You’ve invested a significant amount of time and energy to hire highly skilled contact center agents, and you’ve invested a lot of money in the call center software they use to handle calls/inquiries, so what is missing? Why aren’t you seeing the results you’d like in the customer experience space? If your efforts aren’t optimally performing, it may be time to jumpstart a self-service transformation project in your contact center.
Call center software collects, stores, and manages vast amounts of fundamental data to measure things like average handle time, number of calls, agent engagement, and other key-performance indicators. However, a majority of companies focus their attention on redundant, space-taking data, and continue to miss what is important: analyzing customer touchpoints and call types. Data associated with call types can help companies not only measure customer satisfaction, but also improve experiences and build a loyal customer base. It has the potential to provide insight into how conversations are progressing and to pinpoint the common threads. For instance, you might notice many callers are asking to reschedule or make a return, which does not require a human to perform high level critical thinking. In order to complete this task, there is likely a list of steps to follow that could be bogging down agents, consuming a lot of their time and preventing them from handling the ones that do require critical thinking. Armed with data about this high volume, low value call type, you would be able to consider automating it in order to save time and resources.
Think about it this way. The majority of contact centers have some sort of interactive voice response (IVR) platform in place that typically only serves to route calls. But many lack the advanced automation that can handle the complex, process-driven tasks such as the order return example. With customer service such an integral part of an organization’s success, many companies are beginning to recognize the value of implementing advanced self-service technology in the contact center. Fortunately, as long as the rules of engagement and execution are standard, self-service implementation promises to not only improve agent efficiency, but also improve operations for customers by meeting their service expectations in their preferred channel.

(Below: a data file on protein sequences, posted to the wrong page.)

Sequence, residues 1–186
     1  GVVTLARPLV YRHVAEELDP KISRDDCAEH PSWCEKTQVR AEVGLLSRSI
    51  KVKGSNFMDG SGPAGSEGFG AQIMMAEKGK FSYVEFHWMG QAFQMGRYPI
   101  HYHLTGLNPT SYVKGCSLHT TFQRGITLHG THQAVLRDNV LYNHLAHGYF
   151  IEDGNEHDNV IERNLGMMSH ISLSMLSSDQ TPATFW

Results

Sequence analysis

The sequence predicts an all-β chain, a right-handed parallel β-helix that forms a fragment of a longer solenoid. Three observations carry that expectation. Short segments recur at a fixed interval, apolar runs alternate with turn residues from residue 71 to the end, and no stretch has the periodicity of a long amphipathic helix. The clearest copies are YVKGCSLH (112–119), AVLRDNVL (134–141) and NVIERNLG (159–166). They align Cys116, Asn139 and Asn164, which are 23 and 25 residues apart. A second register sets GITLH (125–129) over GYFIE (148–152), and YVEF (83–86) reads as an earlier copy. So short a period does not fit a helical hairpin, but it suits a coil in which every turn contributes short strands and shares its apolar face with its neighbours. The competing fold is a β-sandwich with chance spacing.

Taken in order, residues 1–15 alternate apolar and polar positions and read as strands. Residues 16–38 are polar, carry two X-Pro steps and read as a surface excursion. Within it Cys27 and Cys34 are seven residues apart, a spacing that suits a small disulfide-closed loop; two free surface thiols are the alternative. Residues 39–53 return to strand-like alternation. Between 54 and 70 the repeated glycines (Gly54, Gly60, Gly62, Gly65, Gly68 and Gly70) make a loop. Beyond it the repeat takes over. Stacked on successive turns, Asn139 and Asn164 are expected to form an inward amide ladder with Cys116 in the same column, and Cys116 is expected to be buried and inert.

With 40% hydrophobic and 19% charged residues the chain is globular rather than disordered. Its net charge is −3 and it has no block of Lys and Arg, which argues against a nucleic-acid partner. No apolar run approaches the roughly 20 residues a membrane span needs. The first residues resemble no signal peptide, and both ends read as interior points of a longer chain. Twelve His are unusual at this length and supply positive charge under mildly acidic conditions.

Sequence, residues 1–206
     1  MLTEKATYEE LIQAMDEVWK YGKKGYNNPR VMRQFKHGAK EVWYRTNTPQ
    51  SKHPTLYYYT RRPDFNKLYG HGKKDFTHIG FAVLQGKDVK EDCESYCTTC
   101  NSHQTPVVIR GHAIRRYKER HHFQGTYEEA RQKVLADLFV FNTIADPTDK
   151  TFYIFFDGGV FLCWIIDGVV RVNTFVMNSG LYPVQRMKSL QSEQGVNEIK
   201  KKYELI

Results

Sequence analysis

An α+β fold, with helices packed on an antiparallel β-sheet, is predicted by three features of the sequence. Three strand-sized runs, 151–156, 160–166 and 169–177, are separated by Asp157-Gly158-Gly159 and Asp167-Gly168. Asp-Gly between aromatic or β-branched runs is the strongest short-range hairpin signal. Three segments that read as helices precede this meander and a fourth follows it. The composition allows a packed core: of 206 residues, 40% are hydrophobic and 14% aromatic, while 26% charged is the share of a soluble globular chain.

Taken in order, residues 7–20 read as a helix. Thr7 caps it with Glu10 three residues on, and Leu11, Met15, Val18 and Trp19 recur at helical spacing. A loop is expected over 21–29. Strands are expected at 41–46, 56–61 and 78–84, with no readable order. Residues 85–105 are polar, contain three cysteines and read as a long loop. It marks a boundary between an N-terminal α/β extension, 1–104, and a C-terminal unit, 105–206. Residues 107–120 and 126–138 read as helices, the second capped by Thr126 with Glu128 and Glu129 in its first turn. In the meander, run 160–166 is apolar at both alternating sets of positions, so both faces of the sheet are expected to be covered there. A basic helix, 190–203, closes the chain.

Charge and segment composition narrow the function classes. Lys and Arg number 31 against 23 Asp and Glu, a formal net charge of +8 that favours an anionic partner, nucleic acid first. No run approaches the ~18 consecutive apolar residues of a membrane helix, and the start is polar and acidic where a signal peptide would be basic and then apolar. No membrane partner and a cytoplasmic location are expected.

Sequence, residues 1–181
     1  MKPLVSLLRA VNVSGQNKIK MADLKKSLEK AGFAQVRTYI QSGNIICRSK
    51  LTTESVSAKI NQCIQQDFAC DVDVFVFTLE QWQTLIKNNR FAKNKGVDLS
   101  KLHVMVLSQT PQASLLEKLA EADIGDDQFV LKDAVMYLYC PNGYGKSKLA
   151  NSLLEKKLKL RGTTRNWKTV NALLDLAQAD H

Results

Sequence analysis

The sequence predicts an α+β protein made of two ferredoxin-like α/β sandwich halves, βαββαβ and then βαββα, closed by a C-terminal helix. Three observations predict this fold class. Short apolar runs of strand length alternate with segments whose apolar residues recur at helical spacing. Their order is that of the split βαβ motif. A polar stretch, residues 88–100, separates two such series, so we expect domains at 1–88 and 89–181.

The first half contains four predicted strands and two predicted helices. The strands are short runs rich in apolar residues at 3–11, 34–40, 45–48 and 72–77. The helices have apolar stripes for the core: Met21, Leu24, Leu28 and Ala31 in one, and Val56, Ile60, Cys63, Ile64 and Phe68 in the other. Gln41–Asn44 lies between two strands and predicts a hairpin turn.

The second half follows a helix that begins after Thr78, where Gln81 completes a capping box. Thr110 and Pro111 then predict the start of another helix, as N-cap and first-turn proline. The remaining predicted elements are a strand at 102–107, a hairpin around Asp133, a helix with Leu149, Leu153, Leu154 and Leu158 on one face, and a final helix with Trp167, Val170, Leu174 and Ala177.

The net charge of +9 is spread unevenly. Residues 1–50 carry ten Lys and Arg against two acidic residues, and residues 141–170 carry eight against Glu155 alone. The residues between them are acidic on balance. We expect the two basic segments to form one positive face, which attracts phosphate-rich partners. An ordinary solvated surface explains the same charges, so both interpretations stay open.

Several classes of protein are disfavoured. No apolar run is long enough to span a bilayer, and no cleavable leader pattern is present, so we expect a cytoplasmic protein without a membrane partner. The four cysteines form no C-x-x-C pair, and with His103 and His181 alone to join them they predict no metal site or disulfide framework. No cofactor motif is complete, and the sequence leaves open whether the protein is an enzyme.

However, many fear that the cost to implement this kind of self-service may outweigh the long-term benefit. Very often, chief executives have to build a business case that justifies moving an IVR project above the line on the IT budget list simply because it is not seen as a priority to the organization. With this said, the key here is to tie your IVR project to a strategic initiative in the organization, which will help bump this project above the line. At this point, your self-service project becomes a mandate, which makes it a top priority in the organization.
You can then start looking into a number of processes to decide which to automate next, using the data we discussed above to figure out which ones are prime for automation. Of course, this is easier said than done.
The good news is that your approach ought to mimic that of a journey, not a race, to a destination. Take a steady pace and make continuous improvements in the call center. This way, you are picking and fixing one problem at a time. If the IVR platform you have today works fine, then evolve your platform using advanced self-service technology that works in conjunction with your existing system.
Take the time to reflect on whether or not your organization is ready for advanced self-service implementation. But make sure to understand that you do not have to rip and replace what you already have. You can move iteratively, process by process, and recognize return on investment steadily as you go. The best way to begin is to leverage the right kind of data to figure out what processes should be automated and leverage your call center software accordingly.